Fans of Raleigh-based American Aquarium are in for a treat as lead singer and songwriter BJ Barham embarks on a tour to promote his solo-recording "Rockingham."
That's the title song from a collection about hardscrabble, blue-collar North Carolinians who live out their lives working on farms, in auto-parts stores in small towns and in tobacco factories.
Morning Edition Host Eric Hodge spoke with Barham about his latest endeavor:
You wrote all of these songs about home while on the road in Europe with American Aquarium. When did you realize this was going to be a collection that didn't quite fit the band?
“We were in Europe last fall and actually in Belgium the night the Paris attacks happened and they stopped our show a little early, drove across the Holland and I wrote the record there. I was missing home, I was missing the people at home. I had my wife, I had my family, and they just poured out and they were too personal. Don’t get me wrong, American Aquarium songs are extremely personal, kind of autobiographical songs. But this was about a place that only I had. Usually the band songs, the boys remember the stories that I’m telling from the nights that I’m telling. But this is very much a personal thing.”
"Unfortunate Kind" is a pretty and heartbreaking love story. Is it difficult to find the silver lining in some of these lives/stories?
"For sure. "Unfortunate Kind" is an example of me getting a song right. As a songwriter, you try to tell the most honest, transparent story you can. And "Unfortunate Kind," I’ve been playing that for the last few months and I’ve watched grown men cry. I’ve watched women cry. I’ve watched teenagers, adults. It’s a song that resonates. And as a songwriter that’s your ultimate goal. Your ultimate goal is to write a story, whether it be fictional or autobiographical, that relates to other people and their lives. And "Unfortunate Kind" is really a stark look at the reality that time doesn’t wait for us. Time waits for nobody and the older we get, no matter how much you’re in love, something’s going to go wrong and in this case, it’s a wife who start forgetting who her husband is. And he’s there everyday for her to try to remind her, but the older we get, bad things start to happen. And this is just an example of a guy and a girl that when they first started, wide-eyed, had the whole world at their hands and 40 years later, she can’t remember who he is."
There's a Bonnie and Clyde feeling to "O'Lover" where things have gotten so bad, robbing a store seems like the only option.
"That’s a song about desperation. That’s a song about a man who has literally worked his entire life to keep his head above water. And it’s about getting to that point in life where you can’t keep your head above water and you have to do something that’s morally questionable."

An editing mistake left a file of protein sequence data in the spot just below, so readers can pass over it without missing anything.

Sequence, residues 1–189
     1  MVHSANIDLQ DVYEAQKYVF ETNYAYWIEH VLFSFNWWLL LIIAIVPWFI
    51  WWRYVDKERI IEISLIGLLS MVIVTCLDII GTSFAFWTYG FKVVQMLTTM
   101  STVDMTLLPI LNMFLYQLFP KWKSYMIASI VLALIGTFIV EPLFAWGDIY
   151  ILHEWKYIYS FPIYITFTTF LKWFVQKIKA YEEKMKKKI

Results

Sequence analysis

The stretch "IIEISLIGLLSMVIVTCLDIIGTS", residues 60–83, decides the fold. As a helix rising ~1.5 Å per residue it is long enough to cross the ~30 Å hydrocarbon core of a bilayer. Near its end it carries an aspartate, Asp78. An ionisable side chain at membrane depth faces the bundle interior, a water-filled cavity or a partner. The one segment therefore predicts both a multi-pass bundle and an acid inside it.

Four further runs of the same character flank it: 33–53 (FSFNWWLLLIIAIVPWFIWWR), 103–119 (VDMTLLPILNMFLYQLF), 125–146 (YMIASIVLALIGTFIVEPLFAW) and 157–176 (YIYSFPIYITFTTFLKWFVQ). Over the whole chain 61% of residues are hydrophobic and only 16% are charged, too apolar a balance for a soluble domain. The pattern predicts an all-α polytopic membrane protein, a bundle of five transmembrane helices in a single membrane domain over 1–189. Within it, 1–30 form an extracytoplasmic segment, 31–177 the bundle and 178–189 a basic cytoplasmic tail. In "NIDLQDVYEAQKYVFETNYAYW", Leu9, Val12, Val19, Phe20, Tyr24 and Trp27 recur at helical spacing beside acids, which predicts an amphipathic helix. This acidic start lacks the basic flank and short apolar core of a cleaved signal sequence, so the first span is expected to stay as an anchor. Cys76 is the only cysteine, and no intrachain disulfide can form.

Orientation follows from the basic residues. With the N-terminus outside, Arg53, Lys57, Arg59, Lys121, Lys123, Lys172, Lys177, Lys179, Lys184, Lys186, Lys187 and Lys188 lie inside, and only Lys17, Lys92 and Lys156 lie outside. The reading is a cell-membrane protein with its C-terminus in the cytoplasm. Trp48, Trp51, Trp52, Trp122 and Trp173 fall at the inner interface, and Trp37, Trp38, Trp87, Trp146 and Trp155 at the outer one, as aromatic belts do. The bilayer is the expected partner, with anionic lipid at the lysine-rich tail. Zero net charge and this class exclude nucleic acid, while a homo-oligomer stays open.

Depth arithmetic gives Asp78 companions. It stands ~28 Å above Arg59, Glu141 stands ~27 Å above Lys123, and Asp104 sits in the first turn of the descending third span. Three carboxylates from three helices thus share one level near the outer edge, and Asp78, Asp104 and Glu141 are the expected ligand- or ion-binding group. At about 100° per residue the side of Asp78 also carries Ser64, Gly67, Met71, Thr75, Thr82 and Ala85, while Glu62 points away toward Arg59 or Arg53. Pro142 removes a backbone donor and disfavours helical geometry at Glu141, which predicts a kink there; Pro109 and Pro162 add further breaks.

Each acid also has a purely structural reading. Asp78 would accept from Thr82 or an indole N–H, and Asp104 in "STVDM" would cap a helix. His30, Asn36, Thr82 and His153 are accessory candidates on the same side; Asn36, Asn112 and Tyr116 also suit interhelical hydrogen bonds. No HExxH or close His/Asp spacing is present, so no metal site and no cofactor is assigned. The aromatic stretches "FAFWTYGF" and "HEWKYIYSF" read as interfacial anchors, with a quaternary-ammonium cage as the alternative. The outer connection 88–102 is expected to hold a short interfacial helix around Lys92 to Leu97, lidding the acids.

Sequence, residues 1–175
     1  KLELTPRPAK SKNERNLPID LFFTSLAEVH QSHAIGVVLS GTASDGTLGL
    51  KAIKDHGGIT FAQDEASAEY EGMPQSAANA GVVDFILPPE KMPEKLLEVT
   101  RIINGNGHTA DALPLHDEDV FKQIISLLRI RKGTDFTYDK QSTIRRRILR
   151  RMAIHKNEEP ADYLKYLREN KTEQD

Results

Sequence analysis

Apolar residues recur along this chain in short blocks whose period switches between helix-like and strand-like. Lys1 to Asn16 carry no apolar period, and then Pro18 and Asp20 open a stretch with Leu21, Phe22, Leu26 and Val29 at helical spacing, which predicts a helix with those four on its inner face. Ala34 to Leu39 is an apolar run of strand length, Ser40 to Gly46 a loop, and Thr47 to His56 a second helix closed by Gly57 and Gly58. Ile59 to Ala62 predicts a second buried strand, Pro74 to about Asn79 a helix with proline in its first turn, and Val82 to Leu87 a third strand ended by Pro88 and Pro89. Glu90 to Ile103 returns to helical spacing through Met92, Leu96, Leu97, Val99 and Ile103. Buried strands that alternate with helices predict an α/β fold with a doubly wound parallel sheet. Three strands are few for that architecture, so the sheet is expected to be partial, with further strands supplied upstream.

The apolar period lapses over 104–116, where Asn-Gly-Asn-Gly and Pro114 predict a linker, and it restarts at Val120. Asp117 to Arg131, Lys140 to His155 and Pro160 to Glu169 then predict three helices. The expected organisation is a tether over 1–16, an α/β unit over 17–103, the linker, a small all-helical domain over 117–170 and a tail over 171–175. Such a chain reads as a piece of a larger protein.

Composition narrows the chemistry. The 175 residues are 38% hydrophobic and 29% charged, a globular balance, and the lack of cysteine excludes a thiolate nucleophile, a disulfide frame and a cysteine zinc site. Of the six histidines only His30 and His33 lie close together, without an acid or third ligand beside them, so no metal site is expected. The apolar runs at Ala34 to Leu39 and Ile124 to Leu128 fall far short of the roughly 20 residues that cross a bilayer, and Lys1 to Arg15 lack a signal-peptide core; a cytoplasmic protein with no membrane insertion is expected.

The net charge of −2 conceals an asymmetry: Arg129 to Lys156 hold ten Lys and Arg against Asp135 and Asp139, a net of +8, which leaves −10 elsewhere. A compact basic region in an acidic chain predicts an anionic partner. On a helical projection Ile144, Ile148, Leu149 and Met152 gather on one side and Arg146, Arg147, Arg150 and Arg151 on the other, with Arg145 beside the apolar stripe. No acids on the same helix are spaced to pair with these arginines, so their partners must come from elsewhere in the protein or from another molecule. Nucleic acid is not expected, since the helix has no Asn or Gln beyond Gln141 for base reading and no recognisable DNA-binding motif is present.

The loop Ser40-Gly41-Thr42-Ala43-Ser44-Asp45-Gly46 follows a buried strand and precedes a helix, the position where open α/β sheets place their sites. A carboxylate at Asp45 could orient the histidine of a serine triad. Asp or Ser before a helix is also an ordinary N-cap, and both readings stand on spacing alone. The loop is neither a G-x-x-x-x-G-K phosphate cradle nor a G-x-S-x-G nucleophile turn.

Is "American Tobacco Company" about your Dad or Grandpa?
"That was an easy one to write. I wanted to write something that was very much Reidsville. Anyone who grew up in that town, you know the Lucky Strike smokestack. I guarantee you that every single person that grew up there, someone in their family either worked the fields that sent the tobacco to be manufactured at the American Tobacco Company or they actually worked the factory. Two of my grandparents retired from the American Tobacco Company. So 45 plus years each, sitting at a machine watching cigarettes roll off. It’s a rough way to make a living, there was no air conditioning, it was hot. And this was before workplace safety was a concern. It was one of those things where if you saw a cigarette go in and you reached into it, you might lose your hand And they were like, ‘Okay, we expect you to be back tomorrow or there’s another guy waiting to work your job.'
And so I wanted to write these songs, especially this one about my grandfather. My grandfather served our country in WWII, he was in the Navy and came back from war and there was this moment of praise, and everybody was so happy that they were back, but then reality kicks back in, it’s like 'Okay, you’re back in Reidsville, you have three kids, you have a wife, we patted you on the back, thanks for stopping the world from coming to an end, but business as usual.' So for the next 40 years, that guy sat there. And I wanted to write a song about coming home and being disillusioned. Being promised this American Dream we all grow up knowing.
There’s a certain point in everyone’s life when you come to the realization it’s like they just tell you that. It’s one part luck, one part hard work, and then even if you have both, sometimes it doesn’t work out the want you it to."